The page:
After receiving its independent status in 1986, the Governors felt that the school had outgrown the Barker Road campus and plans were made to construct a new building. It relocated to 121 Dover Road in 1992 and has stood there ever since. The campus houses a sports complex, a boarding school. The campus is being expanded to accommodate the new influx of IB students.

ACS (Independent) offers the GCE 'O' Levels, Integrated Programme and the International Baccalaureate, after being appointed as an IB World School in 2005.

The current principal is Winston James Hodge.

Anglo-Chinese School (Barker Road)[edit]

Anglo-Chinese School (Barker Road) was opened in 1994 and is located at the Barker Road campus. It moved to the former Swiss Cottage Primary School while waiting for the Barker Road rebuilding project to be completed. The school divided into primary and secondary school sections, the latter retaining the Barker Road suffix and the former becoming ACS (Primary).

ACS (Barker Road) offers the 4-year GCE 'O' Levels programme for its students. Some students then move on to Anglo-Chinese Junior College to continue their ACS education.

The principal is Peter Tan Chong Tze.

Anglo-Chinese School (International) Singapore[edit]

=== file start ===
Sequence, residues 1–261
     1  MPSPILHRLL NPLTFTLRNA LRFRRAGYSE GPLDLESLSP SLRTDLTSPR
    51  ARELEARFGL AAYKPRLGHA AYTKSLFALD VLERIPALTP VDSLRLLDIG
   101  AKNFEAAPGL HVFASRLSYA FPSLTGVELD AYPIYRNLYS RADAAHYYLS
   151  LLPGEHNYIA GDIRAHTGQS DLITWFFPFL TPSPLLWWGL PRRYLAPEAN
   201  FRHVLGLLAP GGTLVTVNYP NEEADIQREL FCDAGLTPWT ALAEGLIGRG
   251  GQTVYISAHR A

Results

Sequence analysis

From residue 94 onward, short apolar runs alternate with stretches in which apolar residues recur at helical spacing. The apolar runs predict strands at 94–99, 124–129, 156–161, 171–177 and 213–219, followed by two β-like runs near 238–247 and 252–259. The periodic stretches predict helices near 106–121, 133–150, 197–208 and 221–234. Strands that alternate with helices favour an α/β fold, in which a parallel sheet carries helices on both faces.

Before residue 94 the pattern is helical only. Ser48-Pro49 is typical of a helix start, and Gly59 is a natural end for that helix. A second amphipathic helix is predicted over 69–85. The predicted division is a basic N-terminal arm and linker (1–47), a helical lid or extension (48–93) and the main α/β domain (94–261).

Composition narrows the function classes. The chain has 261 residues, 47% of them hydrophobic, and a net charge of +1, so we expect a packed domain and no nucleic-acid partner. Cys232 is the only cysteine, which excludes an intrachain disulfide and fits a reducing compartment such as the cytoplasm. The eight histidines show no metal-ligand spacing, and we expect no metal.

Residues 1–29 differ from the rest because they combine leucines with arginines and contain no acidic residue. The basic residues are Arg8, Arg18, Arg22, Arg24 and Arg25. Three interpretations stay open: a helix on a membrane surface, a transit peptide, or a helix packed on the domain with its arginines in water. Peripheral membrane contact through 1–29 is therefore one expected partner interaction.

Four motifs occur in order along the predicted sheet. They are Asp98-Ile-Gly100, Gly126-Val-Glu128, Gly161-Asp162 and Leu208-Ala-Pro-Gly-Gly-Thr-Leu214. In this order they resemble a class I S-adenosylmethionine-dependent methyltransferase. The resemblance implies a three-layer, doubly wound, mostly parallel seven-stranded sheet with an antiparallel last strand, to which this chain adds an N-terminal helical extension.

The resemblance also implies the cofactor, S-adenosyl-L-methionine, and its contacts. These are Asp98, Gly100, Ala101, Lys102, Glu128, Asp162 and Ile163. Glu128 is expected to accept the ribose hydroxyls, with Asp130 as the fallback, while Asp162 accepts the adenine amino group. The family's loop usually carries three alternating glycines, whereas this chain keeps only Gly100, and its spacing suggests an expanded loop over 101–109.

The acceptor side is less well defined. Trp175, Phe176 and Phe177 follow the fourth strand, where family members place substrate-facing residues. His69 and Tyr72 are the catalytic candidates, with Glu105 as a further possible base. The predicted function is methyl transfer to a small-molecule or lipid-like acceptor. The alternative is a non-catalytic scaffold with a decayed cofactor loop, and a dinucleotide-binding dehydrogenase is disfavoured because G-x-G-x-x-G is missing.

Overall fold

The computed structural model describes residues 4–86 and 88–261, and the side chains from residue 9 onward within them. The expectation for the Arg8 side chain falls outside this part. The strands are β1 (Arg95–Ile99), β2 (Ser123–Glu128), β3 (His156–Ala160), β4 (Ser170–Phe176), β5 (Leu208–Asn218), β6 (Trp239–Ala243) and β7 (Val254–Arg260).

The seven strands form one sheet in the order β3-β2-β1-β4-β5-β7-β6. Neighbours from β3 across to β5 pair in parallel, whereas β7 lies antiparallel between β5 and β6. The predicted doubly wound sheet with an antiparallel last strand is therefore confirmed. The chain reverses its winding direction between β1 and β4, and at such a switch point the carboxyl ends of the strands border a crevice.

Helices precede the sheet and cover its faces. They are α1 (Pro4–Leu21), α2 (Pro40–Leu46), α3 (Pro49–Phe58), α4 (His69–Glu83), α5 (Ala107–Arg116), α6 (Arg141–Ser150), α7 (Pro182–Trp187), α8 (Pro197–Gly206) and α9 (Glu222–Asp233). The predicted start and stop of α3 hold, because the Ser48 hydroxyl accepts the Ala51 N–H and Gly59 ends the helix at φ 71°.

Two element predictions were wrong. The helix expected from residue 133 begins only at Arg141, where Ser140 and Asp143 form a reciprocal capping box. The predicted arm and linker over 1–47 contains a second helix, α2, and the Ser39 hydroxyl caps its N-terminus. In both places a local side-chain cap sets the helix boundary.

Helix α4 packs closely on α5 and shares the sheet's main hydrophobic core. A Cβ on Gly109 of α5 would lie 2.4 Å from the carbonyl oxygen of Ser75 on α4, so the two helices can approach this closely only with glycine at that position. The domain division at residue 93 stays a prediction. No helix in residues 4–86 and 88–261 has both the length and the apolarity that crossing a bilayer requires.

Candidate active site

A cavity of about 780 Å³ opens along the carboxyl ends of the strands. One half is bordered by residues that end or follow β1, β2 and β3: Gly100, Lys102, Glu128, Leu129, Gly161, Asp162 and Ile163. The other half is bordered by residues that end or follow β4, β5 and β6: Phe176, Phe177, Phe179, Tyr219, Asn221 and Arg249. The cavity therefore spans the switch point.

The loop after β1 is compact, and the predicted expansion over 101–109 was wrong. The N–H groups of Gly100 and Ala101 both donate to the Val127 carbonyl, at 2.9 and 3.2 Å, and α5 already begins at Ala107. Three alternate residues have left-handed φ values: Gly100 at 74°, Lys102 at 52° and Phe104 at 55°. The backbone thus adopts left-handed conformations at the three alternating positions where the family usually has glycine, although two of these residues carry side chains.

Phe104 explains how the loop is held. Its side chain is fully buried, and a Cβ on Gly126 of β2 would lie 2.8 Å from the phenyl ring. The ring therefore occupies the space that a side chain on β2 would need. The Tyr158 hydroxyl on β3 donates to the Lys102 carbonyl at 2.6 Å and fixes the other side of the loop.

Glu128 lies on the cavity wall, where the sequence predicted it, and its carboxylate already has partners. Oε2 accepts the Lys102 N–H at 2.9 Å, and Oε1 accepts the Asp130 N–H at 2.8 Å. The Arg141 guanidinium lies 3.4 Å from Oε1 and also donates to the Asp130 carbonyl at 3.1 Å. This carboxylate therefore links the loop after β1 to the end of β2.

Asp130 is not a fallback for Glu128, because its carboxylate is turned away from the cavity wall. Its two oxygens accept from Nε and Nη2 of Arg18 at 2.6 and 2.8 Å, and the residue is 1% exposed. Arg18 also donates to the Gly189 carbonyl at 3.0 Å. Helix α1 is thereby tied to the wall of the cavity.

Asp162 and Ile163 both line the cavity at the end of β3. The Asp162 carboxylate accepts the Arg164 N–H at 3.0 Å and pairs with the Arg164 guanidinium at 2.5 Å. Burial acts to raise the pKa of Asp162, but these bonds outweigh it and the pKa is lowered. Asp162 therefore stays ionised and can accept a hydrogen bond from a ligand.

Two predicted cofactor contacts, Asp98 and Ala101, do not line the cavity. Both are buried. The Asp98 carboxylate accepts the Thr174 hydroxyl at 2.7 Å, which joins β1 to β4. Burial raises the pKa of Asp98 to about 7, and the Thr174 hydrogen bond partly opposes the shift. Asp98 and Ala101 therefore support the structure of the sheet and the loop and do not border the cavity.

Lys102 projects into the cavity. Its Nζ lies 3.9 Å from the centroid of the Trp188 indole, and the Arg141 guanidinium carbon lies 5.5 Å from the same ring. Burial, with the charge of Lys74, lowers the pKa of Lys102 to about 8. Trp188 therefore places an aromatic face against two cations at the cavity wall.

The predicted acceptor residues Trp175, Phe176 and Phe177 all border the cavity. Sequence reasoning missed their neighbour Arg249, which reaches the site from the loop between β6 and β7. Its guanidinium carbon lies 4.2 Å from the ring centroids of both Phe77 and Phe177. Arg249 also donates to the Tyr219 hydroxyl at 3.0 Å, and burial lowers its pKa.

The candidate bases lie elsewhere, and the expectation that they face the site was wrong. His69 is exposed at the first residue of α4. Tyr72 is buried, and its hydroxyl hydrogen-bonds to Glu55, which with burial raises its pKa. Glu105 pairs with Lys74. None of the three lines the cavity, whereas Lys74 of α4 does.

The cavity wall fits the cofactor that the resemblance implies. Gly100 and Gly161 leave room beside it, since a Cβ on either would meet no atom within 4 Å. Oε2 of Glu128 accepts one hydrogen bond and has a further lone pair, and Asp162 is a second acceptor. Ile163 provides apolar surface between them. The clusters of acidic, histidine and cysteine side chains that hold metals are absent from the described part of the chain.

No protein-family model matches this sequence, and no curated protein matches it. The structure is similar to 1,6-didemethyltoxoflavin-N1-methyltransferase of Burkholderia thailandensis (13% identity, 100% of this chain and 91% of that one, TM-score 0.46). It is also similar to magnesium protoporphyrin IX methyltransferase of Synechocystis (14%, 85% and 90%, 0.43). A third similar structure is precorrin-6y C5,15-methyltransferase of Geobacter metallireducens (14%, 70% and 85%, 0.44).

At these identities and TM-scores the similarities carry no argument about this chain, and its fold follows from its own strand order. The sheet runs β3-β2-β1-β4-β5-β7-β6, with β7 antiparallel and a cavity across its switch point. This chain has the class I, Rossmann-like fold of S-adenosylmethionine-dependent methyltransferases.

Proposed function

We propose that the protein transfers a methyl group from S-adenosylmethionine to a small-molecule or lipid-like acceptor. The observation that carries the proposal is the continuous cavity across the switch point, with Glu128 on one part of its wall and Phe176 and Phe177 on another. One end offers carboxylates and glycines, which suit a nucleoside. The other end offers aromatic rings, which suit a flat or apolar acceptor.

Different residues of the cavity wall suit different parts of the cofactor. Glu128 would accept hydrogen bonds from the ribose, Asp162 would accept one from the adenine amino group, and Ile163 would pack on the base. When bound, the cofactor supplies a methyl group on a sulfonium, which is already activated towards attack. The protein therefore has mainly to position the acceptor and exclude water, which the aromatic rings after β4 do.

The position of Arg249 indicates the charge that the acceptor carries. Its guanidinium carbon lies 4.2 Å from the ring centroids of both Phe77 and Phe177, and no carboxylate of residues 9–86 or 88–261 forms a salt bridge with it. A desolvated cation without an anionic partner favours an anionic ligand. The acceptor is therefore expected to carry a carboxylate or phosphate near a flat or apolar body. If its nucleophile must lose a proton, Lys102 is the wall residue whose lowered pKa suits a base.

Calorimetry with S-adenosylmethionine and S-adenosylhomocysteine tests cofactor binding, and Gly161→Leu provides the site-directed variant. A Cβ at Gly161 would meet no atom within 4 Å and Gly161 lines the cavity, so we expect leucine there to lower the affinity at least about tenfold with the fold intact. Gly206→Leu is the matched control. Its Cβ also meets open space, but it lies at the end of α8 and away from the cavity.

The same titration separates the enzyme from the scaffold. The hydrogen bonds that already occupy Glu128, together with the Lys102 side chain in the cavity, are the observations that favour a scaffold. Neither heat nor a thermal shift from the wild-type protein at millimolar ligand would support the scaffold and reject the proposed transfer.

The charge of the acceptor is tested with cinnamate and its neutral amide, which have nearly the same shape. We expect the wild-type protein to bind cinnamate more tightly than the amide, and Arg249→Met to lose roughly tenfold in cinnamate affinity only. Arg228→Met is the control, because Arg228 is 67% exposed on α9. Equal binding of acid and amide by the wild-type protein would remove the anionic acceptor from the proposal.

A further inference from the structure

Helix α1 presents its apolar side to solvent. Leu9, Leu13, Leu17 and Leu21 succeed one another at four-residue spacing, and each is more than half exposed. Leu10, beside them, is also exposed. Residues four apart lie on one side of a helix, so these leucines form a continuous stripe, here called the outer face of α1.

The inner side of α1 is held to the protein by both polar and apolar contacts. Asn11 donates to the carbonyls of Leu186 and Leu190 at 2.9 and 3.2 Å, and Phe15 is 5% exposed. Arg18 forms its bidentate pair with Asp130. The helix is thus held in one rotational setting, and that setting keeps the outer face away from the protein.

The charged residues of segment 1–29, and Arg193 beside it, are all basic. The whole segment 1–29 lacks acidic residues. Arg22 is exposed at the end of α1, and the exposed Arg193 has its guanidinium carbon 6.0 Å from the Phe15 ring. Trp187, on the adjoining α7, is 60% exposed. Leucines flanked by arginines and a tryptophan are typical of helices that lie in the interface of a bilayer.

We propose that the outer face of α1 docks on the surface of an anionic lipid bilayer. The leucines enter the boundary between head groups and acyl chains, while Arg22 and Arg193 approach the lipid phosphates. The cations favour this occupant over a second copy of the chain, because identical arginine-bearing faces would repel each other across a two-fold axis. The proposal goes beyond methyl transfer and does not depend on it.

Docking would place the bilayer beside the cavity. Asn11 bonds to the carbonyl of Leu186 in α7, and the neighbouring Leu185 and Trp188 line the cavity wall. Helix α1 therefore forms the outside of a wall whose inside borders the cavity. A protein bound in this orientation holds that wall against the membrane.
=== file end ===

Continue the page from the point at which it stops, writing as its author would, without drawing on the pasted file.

Anglo-Chinese School (International) is a private school. Students take a 6-year course, with the IGCSE in the fourth year and the International Baccalaureate (commencing 2007) in the sixth year. Before 2007, students will take the International A-Levels. The school opened its doors on January 2005 with 150 students, located in Holland Village on the former premises of the now defunct Buona Vista Secondary School at 61 Jalan Hitam Manis. The current principal is P. Kerr Fulton-Peebles. The school's previous principal, Rev Dr John Barrett, used to be the principal at The Leys School, Cambridge and the chairman of the World Methodist Council.

Anglo-Chinese Junior College[edit]

Anglo-Chinese Junior College opened in 1977 and offers the standard two-year pre-university program of other junior colleges, with students taking the GCE A-Levels in their second year. The school is located at 25 Dover Close East. In the late 1990s, the campus was upgraded and extended and a sports complex was built. Kelvyna Chan is the principal.

STB-ACS (International) Jakarta[edit]

STB-ACS (International) Jakarta was started in July 1996 as Sekolah Tiara Bangsa (STB) and formally joined the ACS Family as STB-ACS (International) Jakarta in July 2006 after a few years of collaboration. Students in Grades 1 - 6 follow the syllabus prescribed by the Cambridge International Primary Programme (CIPP), while Grade 10 students will sit for the IGCSE (beginning their preparation in Grade 9). The IB Diploma Programme will be offered to students in Grades 11 and 12. The Executive Principal is Ng Eng Chin, an Old Boy of ACS, who was formerly Principal of ACS (Barker Road). He took over the leadership of the school from Daryl Forde who retired in June 2008. Mr Forde continues to be the chairperson of the Association of National Plus Schools (ANPS) in Indonesia of which the school is a member.

Notable alumni[edit]

The Anglo-Chinese School has produced many notable politicians, and there are currently more cabinet ministers from ACS than from any other school.

See also[edit]


External links[edit]